This holiday season forget online shopping and take a journey to Stockholm, a magical capital of Sweden built on 14 islands, for many would say that is has so huge antiques market that it's totally disproportional to its size.Nalynn Dolan Caine ▼ Tuesday October 12, 2010 6:01PM ET
Venice of the North
But we won't lose anything if we put auctions on hold for a while considering that they are held every second week. Because Stockholm offers so many excitements and a wide range of experiences from art, history and shopping, it will take a while to walk around and soak them all in. For the start visit Gamla stan (Old Town) situated on the city's island of Stadsholmen that dates back to the 13th century, and take a leisurely walk through its cobbled street and medieval alleyways.
The Old Town hosts some of the city's iconic buildings as Riddarholm church, one of the most distinctive Stockholm landmarks where most of the Swedish heads of state are buried and Royal Palace, the official residence of the Swedish monarch. Just near the palace you will meet another tourist attraction, a miniature sculpture of Iron Boy to whom people like to leave a candy or a coin. Cute. The Old Town also host Riddarhuset, a Swedish equivalent to the British House of Lords and Stockholm Cathedral, a home of famous statue of St. George and the Dragon and Nobel Museum.
Stockholm has more than 1000 restaurants but before you leave Old Town rest your feet at Den gyldene freden (The Golden Peace), the world's oldest restaurant in business since 1722 with an unaltered interior. Talking about the world's oldest, find time to visit Vasa Museum. It hosts the most powerful ship of its time and the world's only preserved 17th century ship Vasa. Unfortunately, Vasa earned her glory just like Titanic. She sunk on her first maiden voyage just a few minutes after she touched the water. Apparently the king ordered too many canons to be brought to the ship.
The beauty of Stockholm is in its orientation to the water and its most famous silhouette situated by the water is City Hall. Take a guided tour to see its Golden Hall embellished with 18 million gold mosaic tiles where Nobel Prize recipients, royalty and guests dance after the dinner. After that enjoy the amazing view from City Hall Tower and then take a seat at Stadshuskallaren restaurant situated in the basement and taste food enjoyed by Nobel winners. For more great views of Salt Lake, Old Town and Stockholm's most central parts go up to Fjallgatan street in Södermalm, a charming, bohemian part of the city.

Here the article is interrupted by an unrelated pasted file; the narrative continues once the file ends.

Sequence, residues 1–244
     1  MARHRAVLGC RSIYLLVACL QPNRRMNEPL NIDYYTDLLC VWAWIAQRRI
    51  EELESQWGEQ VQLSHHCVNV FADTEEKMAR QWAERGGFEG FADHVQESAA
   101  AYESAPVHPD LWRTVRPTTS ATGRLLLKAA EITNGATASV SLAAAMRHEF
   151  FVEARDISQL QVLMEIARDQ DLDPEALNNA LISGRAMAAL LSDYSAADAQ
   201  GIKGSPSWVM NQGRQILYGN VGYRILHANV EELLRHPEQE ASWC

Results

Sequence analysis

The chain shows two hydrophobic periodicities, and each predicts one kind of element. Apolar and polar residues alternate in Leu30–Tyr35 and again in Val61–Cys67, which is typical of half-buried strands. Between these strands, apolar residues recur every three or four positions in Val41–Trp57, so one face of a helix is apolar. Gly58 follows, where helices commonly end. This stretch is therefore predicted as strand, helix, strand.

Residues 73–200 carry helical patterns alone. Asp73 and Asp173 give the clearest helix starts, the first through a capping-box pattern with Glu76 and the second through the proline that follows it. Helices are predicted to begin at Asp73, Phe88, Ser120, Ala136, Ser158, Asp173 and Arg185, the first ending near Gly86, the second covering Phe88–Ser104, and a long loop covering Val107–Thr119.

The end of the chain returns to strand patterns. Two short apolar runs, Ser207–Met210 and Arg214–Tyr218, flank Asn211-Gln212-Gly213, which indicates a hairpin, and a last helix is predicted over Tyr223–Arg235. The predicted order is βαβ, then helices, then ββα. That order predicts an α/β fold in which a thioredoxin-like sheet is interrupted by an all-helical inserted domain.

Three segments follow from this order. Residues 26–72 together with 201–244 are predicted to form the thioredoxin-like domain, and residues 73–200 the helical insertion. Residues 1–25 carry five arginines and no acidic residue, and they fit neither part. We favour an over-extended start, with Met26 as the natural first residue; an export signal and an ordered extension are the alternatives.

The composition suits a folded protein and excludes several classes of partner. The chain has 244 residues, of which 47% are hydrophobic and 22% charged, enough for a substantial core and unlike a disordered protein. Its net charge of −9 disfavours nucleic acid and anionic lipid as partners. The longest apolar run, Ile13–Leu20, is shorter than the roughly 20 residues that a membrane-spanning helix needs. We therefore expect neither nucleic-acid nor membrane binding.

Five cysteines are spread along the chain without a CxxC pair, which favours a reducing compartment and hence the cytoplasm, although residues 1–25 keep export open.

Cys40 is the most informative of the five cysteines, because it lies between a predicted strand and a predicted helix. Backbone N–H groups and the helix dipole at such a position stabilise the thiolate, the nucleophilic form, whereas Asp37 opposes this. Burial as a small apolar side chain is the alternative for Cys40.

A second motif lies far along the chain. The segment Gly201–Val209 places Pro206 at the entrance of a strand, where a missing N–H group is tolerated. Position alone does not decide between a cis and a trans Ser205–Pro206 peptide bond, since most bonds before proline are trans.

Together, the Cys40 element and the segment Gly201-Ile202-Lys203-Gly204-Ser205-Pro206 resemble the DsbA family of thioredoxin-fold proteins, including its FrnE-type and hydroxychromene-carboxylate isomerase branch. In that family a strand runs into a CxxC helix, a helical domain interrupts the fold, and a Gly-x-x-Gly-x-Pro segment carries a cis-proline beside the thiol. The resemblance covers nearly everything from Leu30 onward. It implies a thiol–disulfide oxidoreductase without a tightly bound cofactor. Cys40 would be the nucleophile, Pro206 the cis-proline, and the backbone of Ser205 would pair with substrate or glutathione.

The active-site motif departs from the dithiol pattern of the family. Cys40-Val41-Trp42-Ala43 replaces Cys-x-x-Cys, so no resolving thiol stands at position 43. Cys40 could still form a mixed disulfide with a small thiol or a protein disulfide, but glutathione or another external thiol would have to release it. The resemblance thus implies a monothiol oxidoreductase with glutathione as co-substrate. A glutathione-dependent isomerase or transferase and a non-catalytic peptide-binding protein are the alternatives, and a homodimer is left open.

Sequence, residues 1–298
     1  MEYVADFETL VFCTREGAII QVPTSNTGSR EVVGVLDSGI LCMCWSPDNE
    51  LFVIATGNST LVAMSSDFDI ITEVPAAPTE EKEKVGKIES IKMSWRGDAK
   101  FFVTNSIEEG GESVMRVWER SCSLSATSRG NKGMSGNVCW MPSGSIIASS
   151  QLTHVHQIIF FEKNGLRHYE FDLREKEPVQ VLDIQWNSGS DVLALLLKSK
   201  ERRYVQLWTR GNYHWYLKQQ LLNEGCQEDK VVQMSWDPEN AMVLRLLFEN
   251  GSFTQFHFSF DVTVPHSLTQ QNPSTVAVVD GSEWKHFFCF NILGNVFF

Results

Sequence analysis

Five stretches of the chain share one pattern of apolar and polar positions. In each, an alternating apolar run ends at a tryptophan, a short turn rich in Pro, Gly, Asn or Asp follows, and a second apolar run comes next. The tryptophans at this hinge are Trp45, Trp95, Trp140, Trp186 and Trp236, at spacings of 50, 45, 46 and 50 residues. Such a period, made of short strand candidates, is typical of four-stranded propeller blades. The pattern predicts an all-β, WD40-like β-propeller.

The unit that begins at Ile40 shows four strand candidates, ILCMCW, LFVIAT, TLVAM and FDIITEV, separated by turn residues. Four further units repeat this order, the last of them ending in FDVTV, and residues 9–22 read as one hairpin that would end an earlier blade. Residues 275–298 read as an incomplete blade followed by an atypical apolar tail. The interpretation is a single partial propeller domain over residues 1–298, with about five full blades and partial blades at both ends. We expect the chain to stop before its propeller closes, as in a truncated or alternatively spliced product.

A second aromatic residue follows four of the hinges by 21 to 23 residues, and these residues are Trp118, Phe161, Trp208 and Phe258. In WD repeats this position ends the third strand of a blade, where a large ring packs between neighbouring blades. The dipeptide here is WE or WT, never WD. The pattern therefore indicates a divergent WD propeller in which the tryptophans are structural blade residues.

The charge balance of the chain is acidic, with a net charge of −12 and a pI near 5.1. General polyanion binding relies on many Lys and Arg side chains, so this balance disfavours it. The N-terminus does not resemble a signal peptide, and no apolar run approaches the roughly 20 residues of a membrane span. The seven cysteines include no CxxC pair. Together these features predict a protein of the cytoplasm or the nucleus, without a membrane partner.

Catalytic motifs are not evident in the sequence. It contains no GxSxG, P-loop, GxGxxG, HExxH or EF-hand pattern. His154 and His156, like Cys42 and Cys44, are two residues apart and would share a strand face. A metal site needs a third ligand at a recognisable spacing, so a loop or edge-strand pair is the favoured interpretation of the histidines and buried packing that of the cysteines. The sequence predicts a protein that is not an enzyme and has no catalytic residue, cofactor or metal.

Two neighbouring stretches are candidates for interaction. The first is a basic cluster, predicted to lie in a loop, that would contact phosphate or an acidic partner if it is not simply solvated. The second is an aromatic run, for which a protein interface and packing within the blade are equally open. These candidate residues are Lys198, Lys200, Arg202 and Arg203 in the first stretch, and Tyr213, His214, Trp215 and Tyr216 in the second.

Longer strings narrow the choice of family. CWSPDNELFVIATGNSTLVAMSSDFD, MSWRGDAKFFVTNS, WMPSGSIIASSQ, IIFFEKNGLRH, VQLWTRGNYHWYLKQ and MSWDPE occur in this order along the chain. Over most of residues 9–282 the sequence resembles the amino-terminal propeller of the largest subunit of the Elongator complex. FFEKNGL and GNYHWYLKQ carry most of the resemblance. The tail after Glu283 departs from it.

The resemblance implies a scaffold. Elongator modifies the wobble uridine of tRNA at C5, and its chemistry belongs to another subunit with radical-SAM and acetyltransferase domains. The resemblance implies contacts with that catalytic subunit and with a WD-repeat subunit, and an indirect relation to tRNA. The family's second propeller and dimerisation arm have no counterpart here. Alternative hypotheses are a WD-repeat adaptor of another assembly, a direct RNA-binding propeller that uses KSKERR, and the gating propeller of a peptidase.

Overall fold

Back in downtown find out why Stockholm is called shopping capital of the North. Stroll through Drottninggatan street or Biblioteksgatan, a small pedestrian street (Stockholm’s answer to New York's Fifth Avenue) where you will find the city’s most renowned boutique for exclusive and quality watches, upscale designer clothes, shoes, in short, everything that money can buy. Then take a look at W.A Bolin store, the world’s oldest and the most exclusive jewellery house (the family has been court jeweller to five Russian tsars and three Swedish kings!).
Take a break from shopping at Götgatsbacken, pubs and coffee-shops haven and then, before you go to an auction (you didn't forget an auction, did you?), go straight to Sturebadet, a seven floors architectural gem and Sweden's most exclusive spa that hosted names such as King Oscar II and Greta Garbo. A water tower on seventh floor hosts conference rooms, so if you have a business meeting in your mind, there's no better place to be held than here. And now, you are ready for an auction.
Two auction iconic houses Bukowski Auktioner AB and Stockholms Auktionsverk represent the best what Sweden has to offer. Stockholms Auktionsverk founded back in 1674 is considered as the world's oldest auction house having auctions more than 75 days per year. A few months ago the house made a world record by selling the painting of a Swedish artist at the highest price ever paid at an auction in Sweden. Who knows, maybe at the time of your visit adrenaline will flow again and if it won't, who cares, you had a good time in Stockholm. Haven't you? ■